Who We Are
The National Institute of Mental Health (NIMH) has joined forces with university medical schools across the country including Harvard University, Mount Sinai School of Medicine, Stanford University, University of California Los Angeles, University of California San Diego, University of Colorado Health Sciences Center, University of Pennsylvania, and the University of Washington. Through this collaborative research project we hope to learn more about the genetic basis of specific heritable neurocognitive and neurophysiological deficits (called “endophenotypes”) in schizophrenia patients. These deficits in functions like memory can cause many “downstream” problems in activities of daily living.
Understanding the genetic components of these functions in schizophrenia patients is crucial to finding out about the neurobiological basis, risk factors, and heritability of this illness. It may also help to create more effective treatments, and hopefully someday, the development of a cure for this devastating disorder.
Dr. David Braff, the Director of the Consortium on the Genetics of Schizophrenia (COGS), and the other distinguished COGS faculty, have a long history of dedication to the treatment of schizophrenia patients and of successful peer-reviewed schizophrenia research. He and the roster of internationally-renowned schizophrenia researchers of the COGS are particularly interested in the role that the heredity of endophenotypes plays in vulnerability to and the development of the disorder. In order to enroll enough participants needed to complete a scientifically sound study, we wanted to include prominent clinical researchers and their “home universities” from across the country (see Investigators). As such, the COGS Principal Investigators at each University throughout the US have an established history of excellence in schizophrenia research.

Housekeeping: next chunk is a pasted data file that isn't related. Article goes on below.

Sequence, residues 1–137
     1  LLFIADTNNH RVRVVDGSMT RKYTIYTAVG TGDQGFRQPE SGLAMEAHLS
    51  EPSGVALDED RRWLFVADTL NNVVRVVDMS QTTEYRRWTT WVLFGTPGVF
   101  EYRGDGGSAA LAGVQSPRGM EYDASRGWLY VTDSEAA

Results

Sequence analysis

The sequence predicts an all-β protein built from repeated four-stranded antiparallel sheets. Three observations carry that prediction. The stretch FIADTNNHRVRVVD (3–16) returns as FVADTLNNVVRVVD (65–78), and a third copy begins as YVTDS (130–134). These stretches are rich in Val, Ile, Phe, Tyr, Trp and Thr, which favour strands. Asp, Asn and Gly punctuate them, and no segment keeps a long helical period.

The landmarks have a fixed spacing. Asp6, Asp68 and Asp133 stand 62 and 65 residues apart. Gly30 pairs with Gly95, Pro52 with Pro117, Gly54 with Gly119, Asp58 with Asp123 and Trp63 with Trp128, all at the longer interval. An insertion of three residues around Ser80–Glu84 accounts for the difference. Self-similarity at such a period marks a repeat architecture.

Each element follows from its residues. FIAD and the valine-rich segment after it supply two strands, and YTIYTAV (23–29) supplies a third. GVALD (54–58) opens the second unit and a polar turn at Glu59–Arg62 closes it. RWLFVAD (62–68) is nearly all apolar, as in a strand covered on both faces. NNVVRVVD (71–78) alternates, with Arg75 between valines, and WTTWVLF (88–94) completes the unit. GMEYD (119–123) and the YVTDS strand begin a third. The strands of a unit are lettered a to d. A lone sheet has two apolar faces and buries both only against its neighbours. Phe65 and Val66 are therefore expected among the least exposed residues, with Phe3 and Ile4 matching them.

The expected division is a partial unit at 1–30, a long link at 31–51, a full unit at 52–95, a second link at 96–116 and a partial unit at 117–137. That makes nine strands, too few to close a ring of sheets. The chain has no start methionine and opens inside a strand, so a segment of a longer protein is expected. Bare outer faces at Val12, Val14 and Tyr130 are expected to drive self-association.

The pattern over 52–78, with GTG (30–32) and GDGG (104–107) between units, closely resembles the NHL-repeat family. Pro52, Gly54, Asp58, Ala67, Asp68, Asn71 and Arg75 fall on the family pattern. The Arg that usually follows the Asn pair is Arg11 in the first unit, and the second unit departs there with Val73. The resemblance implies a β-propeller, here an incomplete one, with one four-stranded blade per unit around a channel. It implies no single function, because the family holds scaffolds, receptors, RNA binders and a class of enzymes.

After years of planning and working together, the project was submitted to the NIMH to request federal funding. The project was approved and funded in May 2003 as one of the most important and well-funded endeavors in mental health research. The project was approved for an initial period of 5 years (Phase I), and has now been funded for another 4 years (Phase II). Phase I focused on enrolling whole families in order to study familial similarities and genetics of endophenotypes in schizophrenia. For Phase II we are currently enrolling individual patients diagnosed with schizophrenia and healthy comparison subjects to expand on our findings (see Get Involved).
Purpose and Goals
Schizophrenia runs in families, but despite intense research efforts, the precise genetics of this complex and disabling disorder remain unknown. The first efforts to find a “schizophrenia gene” have been greatly complicated by the likely involvement of multiple genes. Therefore, researchers have developed new methods to tackle the goal of gene identification. Previous studies utilized the clinical diagnosis of schizophrenia as the trait of interest. In contrast to studying the genes that lead to schizophrenia, this study utilizes measures of brain functioning in schizophrenia patients as tools to help to understand the genetics of schizophrenia.